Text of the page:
As we scroll down a bit further on the Ironwork’s page, though, we see at least a hint of something else that could be interesting. Jhoira, Weatherlight Captain would be a sweet draw engine for playing all those artifacts our Ironwork and retrieval pieces will let us cast and recast. She’s not quite there, though. To truly capture the essence of the KCI (Krark-Clan Ironworks) deck, we need guaranteed recursion. Luckily, Jhoira hints towards something that I want to try: the historic mechanic. Artifacts, legendary spells, and Saga spells lines up perfectly for a deck that wants rapid-fire recursion.
So where do we go for more historic stuff? To Dominaria’s page of legendaries, of course! This is probably the most crowded page of legendary creatures we have here at EDHREC, but it gives us plenty of options. For this one, I’m digging super deep. As in, only 38 decks to their name deep.
Yes, this deep. WAY deep…
Just think about it: the commander of our deck is able to pull our key cards back, not just to our hand, but to the BATTLEFIELD. Yep. Wowsers. Skip having to recast our combo pieces, we can put it back on the battlefield, sacrifice everything again, recur some battlefield triggers we know we can play…. This is perfect. A deck that’s all about looping sacrifice and recast triggers gets a commander that rewards us even more for doing what we already want to do!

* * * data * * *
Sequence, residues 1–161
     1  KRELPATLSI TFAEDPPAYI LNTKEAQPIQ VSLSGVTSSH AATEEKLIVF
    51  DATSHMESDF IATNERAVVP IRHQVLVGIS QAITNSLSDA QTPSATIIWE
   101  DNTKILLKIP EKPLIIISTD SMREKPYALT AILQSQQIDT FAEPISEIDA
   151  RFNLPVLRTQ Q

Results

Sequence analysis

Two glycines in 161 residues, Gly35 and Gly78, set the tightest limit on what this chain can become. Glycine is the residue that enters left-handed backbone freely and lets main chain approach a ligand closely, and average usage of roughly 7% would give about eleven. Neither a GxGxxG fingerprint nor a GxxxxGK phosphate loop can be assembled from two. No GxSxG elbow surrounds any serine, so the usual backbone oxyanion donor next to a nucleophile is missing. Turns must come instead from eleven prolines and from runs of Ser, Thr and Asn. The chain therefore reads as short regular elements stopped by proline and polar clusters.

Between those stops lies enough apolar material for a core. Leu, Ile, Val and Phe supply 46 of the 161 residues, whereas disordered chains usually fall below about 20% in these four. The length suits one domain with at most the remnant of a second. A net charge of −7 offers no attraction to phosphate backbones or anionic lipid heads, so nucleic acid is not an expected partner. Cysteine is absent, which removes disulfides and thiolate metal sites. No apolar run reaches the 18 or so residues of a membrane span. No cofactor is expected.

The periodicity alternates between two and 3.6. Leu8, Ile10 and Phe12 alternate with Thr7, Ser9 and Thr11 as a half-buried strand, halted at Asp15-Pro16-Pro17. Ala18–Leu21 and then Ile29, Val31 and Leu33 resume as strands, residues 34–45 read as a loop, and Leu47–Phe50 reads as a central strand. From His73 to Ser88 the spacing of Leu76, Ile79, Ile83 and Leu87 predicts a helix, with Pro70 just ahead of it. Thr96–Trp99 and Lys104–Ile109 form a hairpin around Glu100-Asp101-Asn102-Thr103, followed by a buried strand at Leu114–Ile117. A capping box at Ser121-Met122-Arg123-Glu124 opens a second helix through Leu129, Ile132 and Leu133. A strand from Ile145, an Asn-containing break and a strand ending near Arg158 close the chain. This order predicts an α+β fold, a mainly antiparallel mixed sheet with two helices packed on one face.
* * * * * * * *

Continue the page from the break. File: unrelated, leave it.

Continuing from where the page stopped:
Perfect Payoff Picks
We know we’re sacrificing artifacts to make mana with Krark-Clan Ironworks. We know Scrap Trawler is going to make sure we recur lots of stuff from our graveyard. We even know that with stuff like Mycosynth Wellspring, Ichor Wellspring, and Junk Diver, we are going to double up on a lot of extra value. However, now we need to figure out how to actually win. Pyrite Spellbomb is a key piece in the above decklist, looping over and over to deal damage, but that’s a no-go here in mono-white. So how are we supposed to close games out?
When we’re making exorbitant amounts of mana, X spells always are a solid way to go. You know I’m a fan of mana sinks on creatures, so something like Walking Ballista or Hangarback Walker fit the bill perfectly. These are cards you may have from your own adventures in 60-card formats already. Churning out even a measly 3/3 Construct and setting yourself up to pump them even further later is a solid route to victory. It takes very specific answers to deal with either of these threats, too, so your opponents better buckle up.